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Clin Microbiol Rev. 2019 May 29;32(3). pii: e00032-18. doi: 10.1128/CMR.00032-18. Print 2019 Jun 19.

A Laboratory Medicine Best Practices Systematic Review and Meta-analysis of Nucleic Acid Amplification Tests (NAATs) and Algorithms Including NAATs for the Diagnosis of Clostridioides (Clostridium) difficile in Adults.

Author information

1
Emory University School of Medicine, Atlanta, Georgia, USA colleen.kraft@emory.edu jwsnyd01@louisville.edu.
2
Department of Interdisciplinary Studies, School of Health Professions, Rutgers University, Newark, New Jersey, USA.
3
Department of Epidemiology, School of Public Health, Rutgers University, Piscataway, New Jersey, USA.
4
Centers for Disease Control and Prevention, Atlanta, Georgia, USA.
5
Microbiology Specialists Incorporated, Houston, Texas, USA.
6
American Society for Microbiology, Washington, DC, USA.
7
Perelman School of Medicine, University of Pennsylvania, Philadelphia, Pennsylvania, USA.
8
Accelerate Diagnostics, Tucson, Arizona, USA.
9
Children's Hospital Los Angeles, Los Angeles, California, USA.
10
Keck School of Medicine, University of Southern California, Los Angeles, California, USA.
11
Emory University School of Medicine, Atlanta, Georgia, USA.
12
Kaiser Permanente (Southern California Permanente Medical Group) Regional Reference Laboratories, Greater Los Angeles, Los Angeles, California, USA.
13
University of California-Irvine, Orange, California, USA.
14
PathWest Laboratory Medicine, Perth, Western Australia, Australia.
15
University of Western Australia, Perth, Western Australia, Australia.
16
Rhode Island Hospital/Lifespan Academic Medical Center, Warren Alpert Medical School of Brown University, Providence, Rhode Island, USA.
17
RL Sautter Consulting LLC, Lancaster, South Carolina, USA.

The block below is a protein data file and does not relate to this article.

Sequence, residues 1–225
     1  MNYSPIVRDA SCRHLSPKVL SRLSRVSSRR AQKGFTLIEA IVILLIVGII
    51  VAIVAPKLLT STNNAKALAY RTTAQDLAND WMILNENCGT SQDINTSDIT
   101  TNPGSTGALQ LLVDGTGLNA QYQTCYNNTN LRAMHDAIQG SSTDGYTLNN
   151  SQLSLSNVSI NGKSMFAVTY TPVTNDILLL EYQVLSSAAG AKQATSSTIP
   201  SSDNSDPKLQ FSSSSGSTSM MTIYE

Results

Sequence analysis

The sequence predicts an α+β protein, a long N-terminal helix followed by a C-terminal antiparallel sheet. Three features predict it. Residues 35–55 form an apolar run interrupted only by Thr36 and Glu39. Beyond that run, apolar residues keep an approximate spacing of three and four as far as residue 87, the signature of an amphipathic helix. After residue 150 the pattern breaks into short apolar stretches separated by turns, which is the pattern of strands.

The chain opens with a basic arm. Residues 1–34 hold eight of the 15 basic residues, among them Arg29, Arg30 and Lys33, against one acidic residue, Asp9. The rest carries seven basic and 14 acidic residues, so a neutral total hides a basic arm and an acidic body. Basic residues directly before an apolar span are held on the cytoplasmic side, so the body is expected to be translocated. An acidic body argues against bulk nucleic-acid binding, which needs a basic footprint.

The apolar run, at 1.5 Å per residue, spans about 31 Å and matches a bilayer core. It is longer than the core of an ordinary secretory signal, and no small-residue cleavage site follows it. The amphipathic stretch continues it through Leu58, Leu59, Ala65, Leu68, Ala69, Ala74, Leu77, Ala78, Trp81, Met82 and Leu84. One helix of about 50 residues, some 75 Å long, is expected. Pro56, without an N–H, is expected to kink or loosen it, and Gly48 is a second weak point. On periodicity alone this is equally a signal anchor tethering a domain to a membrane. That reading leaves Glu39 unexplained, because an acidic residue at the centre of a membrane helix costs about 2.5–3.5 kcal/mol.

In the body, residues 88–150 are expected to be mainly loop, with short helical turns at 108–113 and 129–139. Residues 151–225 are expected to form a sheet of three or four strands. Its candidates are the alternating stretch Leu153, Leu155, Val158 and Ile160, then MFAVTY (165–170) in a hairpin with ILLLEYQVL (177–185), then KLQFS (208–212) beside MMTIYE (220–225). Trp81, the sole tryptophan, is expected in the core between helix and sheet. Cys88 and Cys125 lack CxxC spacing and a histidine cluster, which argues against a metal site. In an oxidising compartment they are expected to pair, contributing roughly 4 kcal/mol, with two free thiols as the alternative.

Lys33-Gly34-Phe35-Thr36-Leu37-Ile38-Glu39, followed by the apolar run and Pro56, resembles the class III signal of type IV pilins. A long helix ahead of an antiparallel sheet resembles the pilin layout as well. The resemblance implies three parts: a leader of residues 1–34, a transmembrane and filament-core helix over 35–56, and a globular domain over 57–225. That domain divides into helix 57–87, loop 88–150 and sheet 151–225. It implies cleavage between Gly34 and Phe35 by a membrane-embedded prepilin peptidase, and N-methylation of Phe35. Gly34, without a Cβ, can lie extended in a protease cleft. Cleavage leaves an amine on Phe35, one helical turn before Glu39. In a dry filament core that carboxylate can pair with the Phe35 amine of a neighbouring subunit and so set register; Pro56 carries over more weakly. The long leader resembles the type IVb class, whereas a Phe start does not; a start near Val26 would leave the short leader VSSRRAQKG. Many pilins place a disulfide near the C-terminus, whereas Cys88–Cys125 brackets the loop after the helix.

18
University of Tennessee Health Science Center, Memphis, Tennessee, USA.
19
Kornhauser Health Sciences Library, University of Louisville, Louisville, Kentucky, USA.
20
Roche Molecular Systems, Pleasanton, California, USA.
21
Boston Medical Center, Boston, Massachusetts, USA.
22
Boston University School of Medicine, Boston, Massachusetts, USA.
23
Indiana University, Indianapolis, Indiana, USA.
24
Cleveland Clinic, Cleveland, Ohio, USA.
25
University of North Carolina School of Medicine, Chapel Hill, North Carolina, USA.
26
Kornhauser Health Sciences Library, University of Louisville, Louisville, Kentucky, USA colleen.kraft@emory.edu jwsnyd01@louisville.edu.

Abstract

SUMMARYThe evidence base for the optimal laboratory diagnosis of Clostridioides (Clostridium) difficile in adults is currently unresolved due to the uncertain performance characteristics and various combinations of tests. This systematic review evaluates the diagnostic accuracy of laboratory testing algorithms that include nucleic acid amplification tests (NAATs) to detect the presence of C. difficile The systematic review and meta-analysis included eligible studies (those that had PICO [population, intervention, comparison, outcome] elements) that assessed the diagnostic accuracy of NAAT alone or following glutamate dehydrogenase (GDH) enzyme immunoassays (EIAs) or GDH EIAs plus C. difficile toxin EIAs (toxin). The diagnostic yield of NAAT for repeat testing after an initial negative result was also assessed. Two hundred thirty-eight studies met inclusion criteria. Seventy-two of these studies had sufficient data for meta-analysis. The strength of evidence ranged from high to insufficient. The uses of NAAT only, GDH-positive EIA followed by NAAT, and GDH-positive/toxin-negative EIA followed by NAAT are all recommended as American Society for Microbiology (ASM) best practices for the detection of the C. difficile toxin gene or organism. Meta-analysis of published evidence supports the use of testing algorithms that use NAAT alone or in combination with GDH or GDH plus toxin EIA to detect the presence of C. difficile in adults. There is insufficient evidence to recommend against repeat testing of the sample using NAAT after an initial negative result due to a lack of evidence of harm (i.e., financial, length of stay, or delay of treatment) as specified by the Laboratory Medicine Best Practices (LMBP) systematic review method in making such an assessment. Findings from this systematic review provide clarity to diagnostic testing strategies and highlight gaps, such as low numbers of GDH/toxin/PCR studies, in existing evidence on diagnostic performance, which can be used to guide future clinical research studies.

KEYWORDS:

C. difficile infection; diagnostic accuracy; laboratory diagnosis; meta-analysis; systematic review

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